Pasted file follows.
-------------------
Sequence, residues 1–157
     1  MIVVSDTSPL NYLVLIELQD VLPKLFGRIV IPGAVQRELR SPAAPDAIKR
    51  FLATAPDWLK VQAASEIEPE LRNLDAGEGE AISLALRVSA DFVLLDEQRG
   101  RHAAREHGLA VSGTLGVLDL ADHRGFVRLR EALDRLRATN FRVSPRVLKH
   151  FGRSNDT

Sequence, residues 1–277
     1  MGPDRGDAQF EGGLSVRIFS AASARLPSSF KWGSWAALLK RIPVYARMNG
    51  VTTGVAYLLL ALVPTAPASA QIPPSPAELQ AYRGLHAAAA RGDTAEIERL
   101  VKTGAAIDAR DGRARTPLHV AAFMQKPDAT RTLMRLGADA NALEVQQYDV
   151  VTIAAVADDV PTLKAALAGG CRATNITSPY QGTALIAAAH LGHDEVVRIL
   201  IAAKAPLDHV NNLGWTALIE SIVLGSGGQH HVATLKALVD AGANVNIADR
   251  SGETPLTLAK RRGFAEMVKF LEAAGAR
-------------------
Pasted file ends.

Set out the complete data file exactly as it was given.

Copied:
Sequence, residues 1–157
     1  MIVVSDTSPL NYLVLIELQD VLPKLFGRIV IPGAVQRELR SPAAPDAIKR
    51  FLATAPDWLK VQAASEIEPE LRNLDAGEGE AISLALRVSA DFVLLDEQRG
   101  RHAAREHGLA VSGTLGVLDL ADHRGFVRLR EALDRLRATN FRVSPRVLKH
   151  FGRSNDT

Sequence, residues 1–277
     1  MGPDRGDAQF EGGLSVRIFS AASARLPSSF KWGSWAALLK RIPVYARMNG
    51  VTTGVAYLLL ALVPTAPASA QIPPSPAELQ AYRGLHAAAA RGDTAEIERL
   101  VKTGAAIDAR DGRARTPLHV AAFMQKPDAT RTLMRLGADA NALEVQQYDV
   151  VTIAAVADDV PTLKAALAGG CRATNITSPY QGTALIAAAH LGHDEVVRIL
   201  IAAKAPLDHV NNLGWTALIE SIVLGSGGQH HVATLKALVD AGANVNIADR
   251  SGETPLTLAK RRGFAEMVKF LEAAGAR